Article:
Friday, July 1, 2005

Gimme Five: Basic training

Rob Freeman wants to help you reach your peak


By JODY ZARKOS
Express Staff Writer

Rob Freeman wants to help people defy gravity, as in the force that causes you to droop, drag and decline.

As a personal athletic trainer at Zenergy Health Club at Thunder Spring in Ketchum, Freeman helps all types of individuals reach their potential ranging from serious couch potatoes to elite athletes.

"Whether you are 14, 40 or 74 a lot of the same ideas apply to every single person," Freeman said. "We train and practice the movements of life and then we use them on the outside." The 40-year old Freeman grew up in Garden City, Long Island, moving to the Wood River Valley in 1989. Freeman, along with friend Pat Miller joined two other Long Island transplants, Jack Dies and Chris Edwards, and all four have put down roots and remained in the area.

Freeman recalled the motivation for moving out West.

"I was working at a bank in New York, and both Pat and I didn't want to work for our fathers, so we came out here and started painting for Joey Cordeau."

An athlete from his earliest days, Freeman grew up playing soccer and was named high school All-America in lacrosse at Roanoke College in Virginia.

Once in Sun Valley he was stalwart on Lefty's men's soccer team, known then as the Swinelagers, until a serious knee injury forced him out of the sport for good.

Not one to let injuries slow him down, Freeman developed other interests, including mountain biking, road biking, trail running, snowboarding and nordic skiing.

He also developed an interest in personal training through a friend, Angela Strickland, who worked at Sun Valley Athletic Club.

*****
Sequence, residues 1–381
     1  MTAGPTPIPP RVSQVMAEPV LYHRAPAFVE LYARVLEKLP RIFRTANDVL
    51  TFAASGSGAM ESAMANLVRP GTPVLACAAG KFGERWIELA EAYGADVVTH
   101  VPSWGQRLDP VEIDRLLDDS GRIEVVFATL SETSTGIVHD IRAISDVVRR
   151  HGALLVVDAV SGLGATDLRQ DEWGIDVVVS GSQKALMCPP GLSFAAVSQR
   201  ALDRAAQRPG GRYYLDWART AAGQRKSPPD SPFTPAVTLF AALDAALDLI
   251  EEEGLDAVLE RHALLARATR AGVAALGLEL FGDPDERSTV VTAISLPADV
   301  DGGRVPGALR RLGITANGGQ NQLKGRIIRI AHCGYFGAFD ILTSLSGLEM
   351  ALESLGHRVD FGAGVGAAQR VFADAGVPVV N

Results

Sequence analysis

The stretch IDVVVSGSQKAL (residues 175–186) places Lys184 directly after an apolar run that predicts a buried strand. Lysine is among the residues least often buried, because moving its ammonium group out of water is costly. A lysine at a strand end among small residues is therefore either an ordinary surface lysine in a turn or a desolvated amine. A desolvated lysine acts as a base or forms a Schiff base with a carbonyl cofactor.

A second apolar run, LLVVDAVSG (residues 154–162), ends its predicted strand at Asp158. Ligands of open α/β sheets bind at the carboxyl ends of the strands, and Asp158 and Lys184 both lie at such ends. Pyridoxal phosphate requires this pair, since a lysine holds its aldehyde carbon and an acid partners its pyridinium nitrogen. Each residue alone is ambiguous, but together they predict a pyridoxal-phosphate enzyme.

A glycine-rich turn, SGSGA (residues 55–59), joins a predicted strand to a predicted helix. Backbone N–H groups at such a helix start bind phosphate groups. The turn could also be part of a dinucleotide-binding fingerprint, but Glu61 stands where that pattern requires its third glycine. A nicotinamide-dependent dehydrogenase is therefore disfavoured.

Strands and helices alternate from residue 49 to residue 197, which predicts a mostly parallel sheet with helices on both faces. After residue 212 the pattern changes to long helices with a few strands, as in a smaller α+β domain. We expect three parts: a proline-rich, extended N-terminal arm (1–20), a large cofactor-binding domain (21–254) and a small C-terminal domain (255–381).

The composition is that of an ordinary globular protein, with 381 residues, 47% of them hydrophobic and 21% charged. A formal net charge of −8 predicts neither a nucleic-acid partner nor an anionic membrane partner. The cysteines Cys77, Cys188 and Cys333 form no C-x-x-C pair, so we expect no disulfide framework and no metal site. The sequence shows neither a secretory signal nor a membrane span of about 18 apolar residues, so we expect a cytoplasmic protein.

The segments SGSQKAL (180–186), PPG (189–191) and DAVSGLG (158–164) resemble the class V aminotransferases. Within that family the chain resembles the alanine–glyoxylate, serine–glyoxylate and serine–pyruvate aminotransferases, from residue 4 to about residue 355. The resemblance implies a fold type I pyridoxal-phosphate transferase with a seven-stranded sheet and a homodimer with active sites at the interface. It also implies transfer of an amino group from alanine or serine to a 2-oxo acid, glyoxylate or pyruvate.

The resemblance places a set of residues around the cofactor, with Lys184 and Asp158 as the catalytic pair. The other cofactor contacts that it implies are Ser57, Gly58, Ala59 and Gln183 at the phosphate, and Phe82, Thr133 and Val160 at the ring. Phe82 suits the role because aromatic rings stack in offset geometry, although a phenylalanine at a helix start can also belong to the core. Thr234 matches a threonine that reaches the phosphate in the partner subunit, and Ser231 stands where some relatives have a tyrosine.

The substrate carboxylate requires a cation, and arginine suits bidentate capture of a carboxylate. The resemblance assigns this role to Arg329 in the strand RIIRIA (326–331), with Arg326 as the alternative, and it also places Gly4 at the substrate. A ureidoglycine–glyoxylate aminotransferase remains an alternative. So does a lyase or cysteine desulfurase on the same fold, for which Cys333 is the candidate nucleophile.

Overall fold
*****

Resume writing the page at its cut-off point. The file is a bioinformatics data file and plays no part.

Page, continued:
"She thought I would probably be a good personality for it since I love people so much," Freeman said.

Two-and-a-half years ago Freeman was certified with distinction through the National Strength and Conditioning Association as a personal trainer and, aided by his personable nature and sharp eye, his career has blossomed.

Training a brand new client in the gym, Freeman is enthusiastic without being overbearing and thorough without being sadistic, which is a fear that lurks in the mind of every client.

"It's all about what the client wants to do and accomplish," Freeman remarked, "But I want to make people as symmetrical and balanced as I can."

How he accomplishes that is by training from the core out.

"The core (stomach muscles) is our strongest link overall, and a strong core makes us functionally strong. But we believe in total body training. Cross training is the best thing you can do."

When working with a new client, Freeman finds out if the individual has suffered any injuries and what their training goals are.

"I see how people move and how I can help them improve," he said.

When asked about the benefits of a personal trainer, Freeman replied, "I find it is motivation to get into the gym. I think I motivate and push people harder than they would themselves. We get people strong where they need to get strong so they can be better at what they like to do."

Depending on the time of year, Freeman works with 15 to 20 clients a week, but he has the same aim for all of them.

"I would like my clients to simply be better athletes in daily life. "




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